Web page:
Processes for carrying out assessments and measures are established in a corporate policy on biosafety that is oriented to the specifications of the WHO. Wherever local laws and regulations are more stringent than the standards laid out by the corporate policy, the more stringent variant takes precedence.
Read more in the latest sustainability report, page 77.
We aim to design and operate our processes and production facilities in such a way that they do not pose any inappropriate risks to employees, the environment or neighboring communities. This is conditional upon an effective system to ensure plant safety being in place that enables operational risks to be identified, remedied and reduced and their effects mitigated. We are continuously working to further develop the safety culture, the expertise of employees and the globally applicable corporate policies on process and plant safety, which prescribe uniform processes and standards for evaluating risks and establishing suitable safety measures.
Since 2019, we have used the globally standardized key performance indicator (KPI) “Process Safety Incident Rate (PSI-R)” as an early indicator for plant safety incidents. Reporting of this indicator is based on the requirements of the International Council of Chemical Associations (ICCA). In addition, we are also indicating the Process Safety Incident Severity Rate (PSI-SR) for the first time in 2020. We report this according to the grading system of the International Council of Chemical Associations (ICCA).
Read more in the latest sustainability report, page 78.
Transportation and Storage Safety
Transportation and storage safety is part of the Bayer HSE management system and is implemented by a network of experts and users with practical experience who cooperate across the Group.
In this case, safety means having procedures in place that ensure that materials are handled, transported and stored according to the relevant regulations and their respective hazard potential and that suitable logistics and warehouse suppliers are selected. Details are specified in the Transportation Safety, Warehousing and Health, Safety and Environment Audits corporate regulations. The underlying standards comprise not just internal Bayer guidelines, but also the rules of the international crop protection association CropLife International and the European Guidelines on Good Distribution Practice of Medicinal Products for Human Use.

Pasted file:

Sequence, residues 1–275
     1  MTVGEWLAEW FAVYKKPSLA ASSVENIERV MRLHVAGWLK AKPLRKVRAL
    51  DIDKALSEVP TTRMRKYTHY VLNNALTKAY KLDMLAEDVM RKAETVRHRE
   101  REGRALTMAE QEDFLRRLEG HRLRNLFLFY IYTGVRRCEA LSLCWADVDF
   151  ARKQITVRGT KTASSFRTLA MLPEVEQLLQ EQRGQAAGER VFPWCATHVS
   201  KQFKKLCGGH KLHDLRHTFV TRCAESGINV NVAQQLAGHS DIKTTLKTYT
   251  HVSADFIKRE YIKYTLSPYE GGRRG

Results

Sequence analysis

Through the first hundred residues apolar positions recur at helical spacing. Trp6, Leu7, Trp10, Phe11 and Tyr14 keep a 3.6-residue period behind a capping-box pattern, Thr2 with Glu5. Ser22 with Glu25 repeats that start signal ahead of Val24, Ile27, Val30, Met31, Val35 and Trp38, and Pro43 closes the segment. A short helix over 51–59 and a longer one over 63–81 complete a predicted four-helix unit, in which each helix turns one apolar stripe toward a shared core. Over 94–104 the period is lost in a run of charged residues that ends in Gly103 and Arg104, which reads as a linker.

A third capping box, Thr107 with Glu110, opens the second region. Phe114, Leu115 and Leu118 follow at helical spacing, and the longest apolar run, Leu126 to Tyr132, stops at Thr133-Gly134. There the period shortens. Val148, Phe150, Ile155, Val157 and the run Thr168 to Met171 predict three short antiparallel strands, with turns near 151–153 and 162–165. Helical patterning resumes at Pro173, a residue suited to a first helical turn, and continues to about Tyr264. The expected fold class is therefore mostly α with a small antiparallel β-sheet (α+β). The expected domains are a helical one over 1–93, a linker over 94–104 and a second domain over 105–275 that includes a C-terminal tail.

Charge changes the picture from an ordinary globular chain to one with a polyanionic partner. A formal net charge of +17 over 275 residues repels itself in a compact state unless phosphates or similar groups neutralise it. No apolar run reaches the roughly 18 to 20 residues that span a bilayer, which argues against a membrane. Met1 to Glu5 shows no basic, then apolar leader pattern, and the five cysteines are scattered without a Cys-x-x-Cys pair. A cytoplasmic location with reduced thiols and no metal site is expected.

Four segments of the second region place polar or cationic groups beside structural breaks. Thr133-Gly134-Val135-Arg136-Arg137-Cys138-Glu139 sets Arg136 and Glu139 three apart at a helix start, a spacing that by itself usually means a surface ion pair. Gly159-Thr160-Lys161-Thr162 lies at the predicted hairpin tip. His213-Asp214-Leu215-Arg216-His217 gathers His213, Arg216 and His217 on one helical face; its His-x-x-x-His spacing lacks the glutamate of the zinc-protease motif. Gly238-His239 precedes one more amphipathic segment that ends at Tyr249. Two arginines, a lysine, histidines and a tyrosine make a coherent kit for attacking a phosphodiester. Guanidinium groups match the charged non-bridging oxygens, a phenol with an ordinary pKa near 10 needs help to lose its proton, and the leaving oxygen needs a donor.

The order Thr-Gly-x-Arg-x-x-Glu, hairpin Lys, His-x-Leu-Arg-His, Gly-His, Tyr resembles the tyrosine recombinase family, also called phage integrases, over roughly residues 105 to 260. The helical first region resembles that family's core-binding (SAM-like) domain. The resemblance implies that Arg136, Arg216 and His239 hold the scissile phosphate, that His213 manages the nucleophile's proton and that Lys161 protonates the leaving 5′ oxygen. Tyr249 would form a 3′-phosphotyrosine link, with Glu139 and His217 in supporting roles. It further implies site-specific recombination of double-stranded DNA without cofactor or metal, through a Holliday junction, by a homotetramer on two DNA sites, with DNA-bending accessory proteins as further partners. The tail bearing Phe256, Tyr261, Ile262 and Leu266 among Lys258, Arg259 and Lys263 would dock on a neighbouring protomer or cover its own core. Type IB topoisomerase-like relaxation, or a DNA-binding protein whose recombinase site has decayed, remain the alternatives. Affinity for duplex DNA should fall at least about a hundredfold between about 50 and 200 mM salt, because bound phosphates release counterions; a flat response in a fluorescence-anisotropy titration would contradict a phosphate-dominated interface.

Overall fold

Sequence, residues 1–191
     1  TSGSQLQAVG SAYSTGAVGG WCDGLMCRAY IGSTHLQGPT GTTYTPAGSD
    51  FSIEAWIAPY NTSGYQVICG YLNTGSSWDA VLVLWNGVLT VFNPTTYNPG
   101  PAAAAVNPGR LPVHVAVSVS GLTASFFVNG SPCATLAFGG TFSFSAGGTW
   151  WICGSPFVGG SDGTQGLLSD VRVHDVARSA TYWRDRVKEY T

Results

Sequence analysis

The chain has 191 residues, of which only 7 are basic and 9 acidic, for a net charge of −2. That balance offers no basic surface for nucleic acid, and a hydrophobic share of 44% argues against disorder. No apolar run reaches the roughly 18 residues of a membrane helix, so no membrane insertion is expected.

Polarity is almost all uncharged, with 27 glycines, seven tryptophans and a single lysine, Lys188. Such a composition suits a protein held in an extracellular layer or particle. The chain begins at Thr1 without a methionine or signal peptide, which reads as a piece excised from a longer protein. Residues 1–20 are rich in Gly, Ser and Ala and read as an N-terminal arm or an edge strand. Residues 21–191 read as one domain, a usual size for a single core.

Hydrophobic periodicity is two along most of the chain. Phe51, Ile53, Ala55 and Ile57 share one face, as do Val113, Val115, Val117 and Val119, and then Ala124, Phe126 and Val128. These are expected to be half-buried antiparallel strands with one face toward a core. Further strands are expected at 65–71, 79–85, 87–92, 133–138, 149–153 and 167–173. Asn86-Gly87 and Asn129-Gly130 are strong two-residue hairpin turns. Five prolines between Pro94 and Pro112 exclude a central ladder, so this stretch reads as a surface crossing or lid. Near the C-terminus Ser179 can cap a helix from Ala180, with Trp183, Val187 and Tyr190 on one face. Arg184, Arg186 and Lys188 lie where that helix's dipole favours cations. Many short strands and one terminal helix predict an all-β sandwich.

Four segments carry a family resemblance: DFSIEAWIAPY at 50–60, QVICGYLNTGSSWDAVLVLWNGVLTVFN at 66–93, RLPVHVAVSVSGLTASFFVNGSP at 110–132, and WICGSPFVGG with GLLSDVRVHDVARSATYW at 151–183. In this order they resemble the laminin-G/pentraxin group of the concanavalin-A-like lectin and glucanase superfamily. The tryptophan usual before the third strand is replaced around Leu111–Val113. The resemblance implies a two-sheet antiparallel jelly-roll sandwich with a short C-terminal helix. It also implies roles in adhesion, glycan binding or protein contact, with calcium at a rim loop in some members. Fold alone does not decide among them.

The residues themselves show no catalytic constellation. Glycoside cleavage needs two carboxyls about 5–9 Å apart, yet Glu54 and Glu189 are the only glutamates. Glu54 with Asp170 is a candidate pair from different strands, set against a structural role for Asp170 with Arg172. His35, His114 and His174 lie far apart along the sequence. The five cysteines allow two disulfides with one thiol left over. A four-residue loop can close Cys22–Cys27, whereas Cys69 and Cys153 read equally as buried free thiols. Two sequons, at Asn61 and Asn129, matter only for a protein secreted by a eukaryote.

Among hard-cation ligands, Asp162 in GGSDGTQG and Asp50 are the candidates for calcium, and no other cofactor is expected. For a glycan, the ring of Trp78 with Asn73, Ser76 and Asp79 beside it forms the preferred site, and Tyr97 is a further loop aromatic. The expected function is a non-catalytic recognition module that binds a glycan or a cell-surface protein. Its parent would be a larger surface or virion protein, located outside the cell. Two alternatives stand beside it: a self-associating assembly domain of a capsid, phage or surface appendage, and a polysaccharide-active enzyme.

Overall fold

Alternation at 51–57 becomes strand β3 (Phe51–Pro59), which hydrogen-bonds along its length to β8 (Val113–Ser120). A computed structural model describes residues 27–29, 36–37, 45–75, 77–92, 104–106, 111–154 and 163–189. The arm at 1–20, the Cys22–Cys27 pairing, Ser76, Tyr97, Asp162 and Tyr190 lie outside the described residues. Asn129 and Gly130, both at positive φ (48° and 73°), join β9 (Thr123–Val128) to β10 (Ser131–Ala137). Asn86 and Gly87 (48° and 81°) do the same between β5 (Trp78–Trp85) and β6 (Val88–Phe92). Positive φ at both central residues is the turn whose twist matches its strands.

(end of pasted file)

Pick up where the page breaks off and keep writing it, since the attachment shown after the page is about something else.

Read more in the latest sustainability report, page 79.
Emergency and Crisis Planning
We ensure safe working conditions and an environment where our employees can work safely and without fear and undertake international business travel without risk.
Extraordinary events are registered in the Bayer Emergency Response System according to a standard Group-wide procedure and re-ported to the Global Security Operation Center, which initiates the further steps such as the effective steering of information.
Processing of such incidents is the responsibility of the Group-wide safety and crisis organization or the local emergency response team. For this purpose, organizational precautions with defined responsibilities and procedures have been implemented and communicated through training measures at the sites and / or in the countries.
Read more in the latest sustainability report, page 80.